“Rate of Force Development” – How Advanced Metrics Blur Line Between Fitness and Healthcare
In 2012 the Journal of Orthopaedic & Sports Physical Therapy published a research study showing “Rate of Force Development” (RFD) is more accurate than traditional strength metrics in determining recovery and readiness for return to sport after ACL injuries.
This makes intuitive sense, right? Every athlete knows injuries (or re-injuries) are most likely to happen when you cut or jump. This research paper provides the scientific explanation for why:
“Several studies have shown that producing a high level of force quickly is more important than just being able to produce a high level of force, and that explosive strength impairment is more sport specific and therefore a better reflection of the heavy demands imposed by sports.” The paper goes on to say, “adequate muscle activity must occur within a 30-to-70-millisecond window from the onset of joint loading to effectively protect the ACL, the failure of this protective mechanism may expose the ACL to excessive forces and contribute to noncontact ACL injuries.”
In a world where all athletes and trainers have the benefit of RFD measurements people get healthy faster and stay healthy longer. Careers are extended. Teams win more. Lives are improved.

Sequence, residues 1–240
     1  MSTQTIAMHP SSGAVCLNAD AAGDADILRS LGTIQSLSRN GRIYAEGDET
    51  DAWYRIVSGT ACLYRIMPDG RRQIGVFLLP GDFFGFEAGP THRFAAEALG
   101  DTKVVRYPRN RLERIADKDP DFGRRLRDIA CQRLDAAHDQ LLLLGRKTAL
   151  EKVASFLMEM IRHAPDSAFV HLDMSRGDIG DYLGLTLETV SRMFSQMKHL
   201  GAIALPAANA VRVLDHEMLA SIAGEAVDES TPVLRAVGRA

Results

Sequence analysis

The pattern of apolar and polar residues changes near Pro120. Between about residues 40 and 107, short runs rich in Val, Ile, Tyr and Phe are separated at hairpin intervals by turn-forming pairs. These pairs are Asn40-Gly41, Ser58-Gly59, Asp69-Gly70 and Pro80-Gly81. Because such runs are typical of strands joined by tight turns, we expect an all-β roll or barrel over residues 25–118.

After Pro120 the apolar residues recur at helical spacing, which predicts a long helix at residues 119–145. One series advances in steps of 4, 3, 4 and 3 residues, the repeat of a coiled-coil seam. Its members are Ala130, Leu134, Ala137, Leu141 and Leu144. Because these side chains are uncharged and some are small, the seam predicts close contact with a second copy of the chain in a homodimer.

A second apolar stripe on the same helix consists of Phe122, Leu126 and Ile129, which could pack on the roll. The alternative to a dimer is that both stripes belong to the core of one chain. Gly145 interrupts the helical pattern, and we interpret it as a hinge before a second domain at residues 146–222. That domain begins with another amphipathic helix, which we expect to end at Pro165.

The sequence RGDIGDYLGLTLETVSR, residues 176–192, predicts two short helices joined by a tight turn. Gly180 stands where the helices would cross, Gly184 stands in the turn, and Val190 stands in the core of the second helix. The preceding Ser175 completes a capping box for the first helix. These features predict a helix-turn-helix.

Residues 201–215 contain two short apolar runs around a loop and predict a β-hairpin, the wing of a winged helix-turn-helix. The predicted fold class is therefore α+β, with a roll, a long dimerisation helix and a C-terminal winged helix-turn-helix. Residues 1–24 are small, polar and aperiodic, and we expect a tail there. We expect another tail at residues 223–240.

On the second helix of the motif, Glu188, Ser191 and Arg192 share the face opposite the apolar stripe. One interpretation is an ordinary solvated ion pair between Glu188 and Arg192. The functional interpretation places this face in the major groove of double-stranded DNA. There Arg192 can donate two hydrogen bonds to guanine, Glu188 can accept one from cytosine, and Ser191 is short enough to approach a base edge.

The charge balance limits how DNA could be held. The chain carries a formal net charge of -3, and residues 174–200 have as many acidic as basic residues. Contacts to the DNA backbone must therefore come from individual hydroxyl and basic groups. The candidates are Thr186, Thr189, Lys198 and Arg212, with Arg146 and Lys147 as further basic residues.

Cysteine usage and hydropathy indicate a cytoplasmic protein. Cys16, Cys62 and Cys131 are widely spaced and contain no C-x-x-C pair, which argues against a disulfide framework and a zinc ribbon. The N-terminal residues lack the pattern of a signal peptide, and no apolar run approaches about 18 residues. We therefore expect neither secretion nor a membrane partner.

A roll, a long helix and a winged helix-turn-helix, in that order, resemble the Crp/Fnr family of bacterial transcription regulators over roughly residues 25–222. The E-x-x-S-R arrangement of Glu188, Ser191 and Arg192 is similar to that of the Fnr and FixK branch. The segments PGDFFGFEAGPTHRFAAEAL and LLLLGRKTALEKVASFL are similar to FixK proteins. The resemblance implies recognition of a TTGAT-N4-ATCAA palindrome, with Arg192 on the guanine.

But advanced fitness metrics like RFD have traditionally been available only in hospitals, research labs or human performance centers. Trainers and physical therapists haven’t had access to the right tools, so they’ve been forced to use inferior metrics to advise their clients. As fitness technology hardware and software becomes more powerful and less expensive, fitness professionals have an opportunity to work more like medical professionals. The data creates a bridge that lets fitness clubs become an extension of the performance centers found within hospital systems.
And that’s a huge potential source of revenue for fitness clubs.
Doctors, therapists and hospital systems that we’ve spoken to would like their patients to capture meaningful, advanced metrics in the field. It’s too expensive to bring every ACL patient into the human performance lab regularly during the recovery process. They would much rather make a referral to a local gym or trainer where these metrics are gathered more frequently and inexpensively.
Measuring only basic things – like weight and reps – keeps the fitness industry locked out of healthcare markets. When you can see advanced metrics you can begin to offer more advanced, and lucrative, services.